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New male tiger getting used to new home at Zoo's newest habitat, The Edge
Martin, a 3-year-old male Amur (ah-MOOR) tiger, is getting used to his new surroundings at Denver Zoo after safely arriving from the Moscow Zoo on Saturday, July 1. He is now the fourth resident at the Zoo’s new tiger habitat, The Edge. Zookeepers hope he will support the Association of Zoos and Aquariums’ (AZA) Species Survival Plan (SSP) with valuable genetics, as he is not related to any tigers in North America. He won’t, however, be visible to the public for at least a month, as he completes a routine quarantine period, which he will spend behind-the-scenes at his new home.
Martin was born at the Moscow Zoo in June 2014 and now weighs nearly 450 pounds. Zookeepers at Denver Zoo hope he will eventually breed with 6-year-old female tiger Nikita, per a recommendation of their species’ SSP, which ensures healthy populations and genetic diversity among zoo animals. Until then, he will get to know his new caretakers and learn behaviors so he can take part in his own healthcare.
Martin will also share space at The Edge, in separate yards, with the Zoo’s two current male residents, 7-year-old brothers Thimbu (TIM-boo) and Nikolai. The habitat brings guests closer than ever to the Zoo’s tigers. Through its engaging design, guests can appreciate the tigers’ incredible physicality and unique disposition. Elevated lofts allow the tigers to stride 12 feet over visitors’ heads. A 3,000-square-foot building behind the yards allows zookeepers and veterinarians to provide outstanding animal care with plenty of room to administer procedures, easily move cats back and forth, and train them to assist in their own health care.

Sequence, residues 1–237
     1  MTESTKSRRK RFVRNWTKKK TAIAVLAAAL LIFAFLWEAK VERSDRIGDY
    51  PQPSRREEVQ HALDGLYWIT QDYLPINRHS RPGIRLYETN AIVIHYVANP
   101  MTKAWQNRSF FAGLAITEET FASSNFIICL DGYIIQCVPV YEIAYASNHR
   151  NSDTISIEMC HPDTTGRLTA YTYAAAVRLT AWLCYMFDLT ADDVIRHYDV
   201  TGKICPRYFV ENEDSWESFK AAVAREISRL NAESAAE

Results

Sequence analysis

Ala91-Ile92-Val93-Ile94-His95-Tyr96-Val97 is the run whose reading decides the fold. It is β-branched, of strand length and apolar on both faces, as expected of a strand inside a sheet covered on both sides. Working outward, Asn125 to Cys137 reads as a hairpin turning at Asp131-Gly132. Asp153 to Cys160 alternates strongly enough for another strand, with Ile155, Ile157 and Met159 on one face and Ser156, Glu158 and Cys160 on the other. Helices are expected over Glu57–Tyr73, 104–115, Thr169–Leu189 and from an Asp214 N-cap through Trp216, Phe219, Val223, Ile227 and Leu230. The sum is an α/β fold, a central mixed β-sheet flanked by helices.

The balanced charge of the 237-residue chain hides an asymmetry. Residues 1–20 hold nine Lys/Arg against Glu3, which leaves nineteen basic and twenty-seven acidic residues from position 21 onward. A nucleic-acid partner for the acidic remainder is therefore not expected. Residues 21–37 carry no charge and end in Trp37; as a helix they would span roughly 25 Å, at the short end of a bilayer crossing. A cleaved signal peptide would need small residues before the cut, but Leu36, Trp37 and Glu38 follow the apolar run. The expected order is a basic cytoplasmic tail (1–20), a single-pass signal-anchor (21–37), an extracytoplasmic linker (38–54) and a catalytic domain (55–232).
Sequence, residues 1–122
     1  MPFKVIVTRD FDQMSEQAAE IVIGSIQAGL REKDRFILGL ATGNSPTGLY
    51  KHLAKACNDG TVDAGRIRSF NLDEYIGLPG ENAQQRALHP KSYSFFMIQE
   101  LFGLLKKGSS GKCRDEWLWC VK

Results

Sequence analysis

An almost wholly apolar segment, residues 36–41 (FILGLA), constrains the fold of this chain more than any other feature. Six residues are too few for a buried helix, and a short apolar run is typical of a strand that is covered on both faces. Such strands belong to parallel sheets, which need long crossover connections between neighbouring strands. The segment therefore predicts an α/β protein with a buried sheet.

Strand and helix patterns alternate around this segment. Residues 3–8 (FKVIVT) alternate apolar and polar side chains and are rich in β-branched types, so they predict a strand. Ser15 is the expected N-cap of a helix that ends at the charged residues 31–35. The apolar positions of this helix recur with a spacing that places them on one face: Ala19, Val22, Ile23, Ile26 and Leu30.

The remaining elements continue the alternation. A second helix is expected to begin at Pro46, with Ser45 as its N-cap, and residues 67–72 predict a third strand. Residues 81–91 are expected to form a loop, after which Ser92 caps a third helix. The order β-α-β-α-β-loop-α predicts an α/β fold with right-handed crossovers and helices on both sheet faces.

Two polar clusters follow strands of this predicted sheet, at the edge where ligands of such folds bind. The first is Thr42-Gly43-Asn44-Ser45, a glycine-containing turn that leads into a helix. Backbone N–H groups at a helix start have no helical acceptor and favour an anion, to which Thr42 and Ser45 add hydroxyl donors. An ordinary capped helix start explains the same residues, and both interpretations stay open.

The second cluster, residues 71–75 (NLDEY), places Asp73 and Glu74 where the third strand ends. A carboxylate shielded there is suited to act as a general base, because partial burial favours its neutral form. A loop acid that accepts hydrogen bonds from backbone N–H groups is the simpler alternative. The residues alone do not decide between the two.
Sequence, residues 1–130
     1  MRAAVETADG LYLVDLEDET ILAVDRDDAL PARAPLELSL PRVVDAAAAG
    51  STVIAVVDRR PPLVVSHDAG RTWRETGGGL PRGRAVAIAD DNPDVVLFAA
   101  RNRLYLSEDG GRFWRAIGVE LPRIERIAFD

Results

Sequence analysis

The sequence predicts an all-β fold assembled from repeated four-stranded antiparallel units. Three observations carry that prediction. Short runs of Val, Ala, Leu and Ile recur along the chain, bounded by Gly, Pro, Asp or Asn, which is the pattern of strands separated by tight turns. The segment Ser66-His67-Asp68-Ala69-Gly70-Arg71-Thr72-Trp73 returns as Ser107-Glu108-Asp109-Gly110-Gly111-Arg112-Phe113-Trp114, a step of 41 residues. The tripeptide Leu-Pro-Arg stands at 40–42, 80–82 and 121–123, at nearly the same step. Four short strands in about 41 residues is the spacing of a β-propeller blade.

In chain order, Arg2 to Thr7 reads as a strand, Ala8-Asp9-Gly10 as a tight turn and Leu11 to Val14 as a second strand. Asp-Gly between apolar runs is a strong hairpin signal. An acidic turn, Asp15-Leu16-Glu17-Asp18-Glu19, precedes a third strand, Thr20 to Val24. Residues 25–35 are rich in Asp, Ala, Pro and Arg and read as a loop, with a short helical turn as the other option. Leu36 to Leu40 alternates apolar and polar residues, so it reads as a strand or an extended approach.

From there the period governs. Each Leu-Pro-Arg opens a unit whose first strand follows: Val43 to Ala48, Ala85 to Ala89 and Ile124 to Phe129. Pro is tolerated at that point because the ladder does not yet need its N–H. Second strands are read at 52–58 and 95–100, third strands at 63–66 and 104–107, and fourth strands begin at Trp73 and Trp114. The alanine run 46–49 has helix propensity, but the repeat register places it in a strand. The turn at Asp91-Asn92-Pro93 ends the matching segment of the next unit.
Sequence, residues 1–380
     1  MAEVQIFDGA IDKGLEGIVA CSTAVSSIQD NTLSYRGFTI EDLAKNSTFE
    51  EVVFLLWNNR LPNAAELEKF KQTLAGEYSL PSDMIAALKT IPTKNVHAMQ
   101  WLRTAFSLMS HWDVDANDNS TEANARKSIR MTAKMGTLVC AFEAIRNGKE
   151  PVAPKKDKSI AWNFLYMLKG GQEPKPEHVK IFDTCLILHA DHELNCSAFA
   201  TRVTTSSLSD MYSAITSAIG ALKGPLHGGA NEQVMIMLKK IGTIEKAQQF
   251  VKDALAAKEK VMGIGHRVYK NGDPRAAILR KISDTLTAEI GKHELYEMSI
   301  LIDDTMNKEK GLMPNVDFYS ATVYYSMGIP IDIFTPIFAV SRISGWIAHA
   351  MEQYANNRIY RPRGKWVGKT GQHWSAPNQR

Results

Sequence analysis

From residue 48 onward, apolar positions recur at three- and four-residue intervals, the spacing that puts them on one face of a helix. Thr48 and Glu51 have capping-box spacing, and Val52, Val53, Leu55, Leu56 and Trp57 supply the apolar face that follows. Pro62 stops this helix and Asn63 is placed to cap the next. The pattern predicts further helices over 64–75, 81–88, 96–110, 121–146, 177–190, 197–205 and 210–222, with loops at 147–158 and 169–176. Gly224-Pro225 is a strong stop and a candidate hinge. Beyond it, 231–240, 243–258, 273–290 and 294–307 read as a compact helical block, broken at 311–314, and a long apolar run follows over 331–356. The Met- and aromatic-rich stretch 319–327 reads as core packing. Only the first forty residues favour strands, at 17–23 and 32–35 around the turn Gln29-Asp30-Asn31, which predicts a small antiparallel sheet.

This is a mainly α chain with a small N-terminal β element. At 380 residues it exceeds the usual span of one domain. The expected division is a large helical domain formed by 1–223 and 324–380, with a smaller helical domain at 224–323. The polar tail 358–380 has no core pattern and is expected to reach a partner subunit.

Amur tigers are classified as “endangered” by the International Union for Conservation of Nature (IUCN), with an estimated population of less than 400 individuals remaining in the wild. These animals were once called Siberian tigers because they were found throughout Siberia. They are now almost completely confined to the Far East portion of Asia, along the Amur River, and because of this they are now commonly called Amur tigers. In addition to habitat loss, their species' biggest threats come from poaching, both for their fur and other body parts, which are used in traditional Asian medicine.
Amur tigers are the largest living member of the cat family. Adult males can grow up to 12-feet-long, from nose to tail, and weigh more than 450 pounds. Adult females can grow up to 9-feet-long and weigh up to 370 pounds. Amur tigers also have longer, thicker fur than other tiger species due to the harsh winter conditions in their native habitat.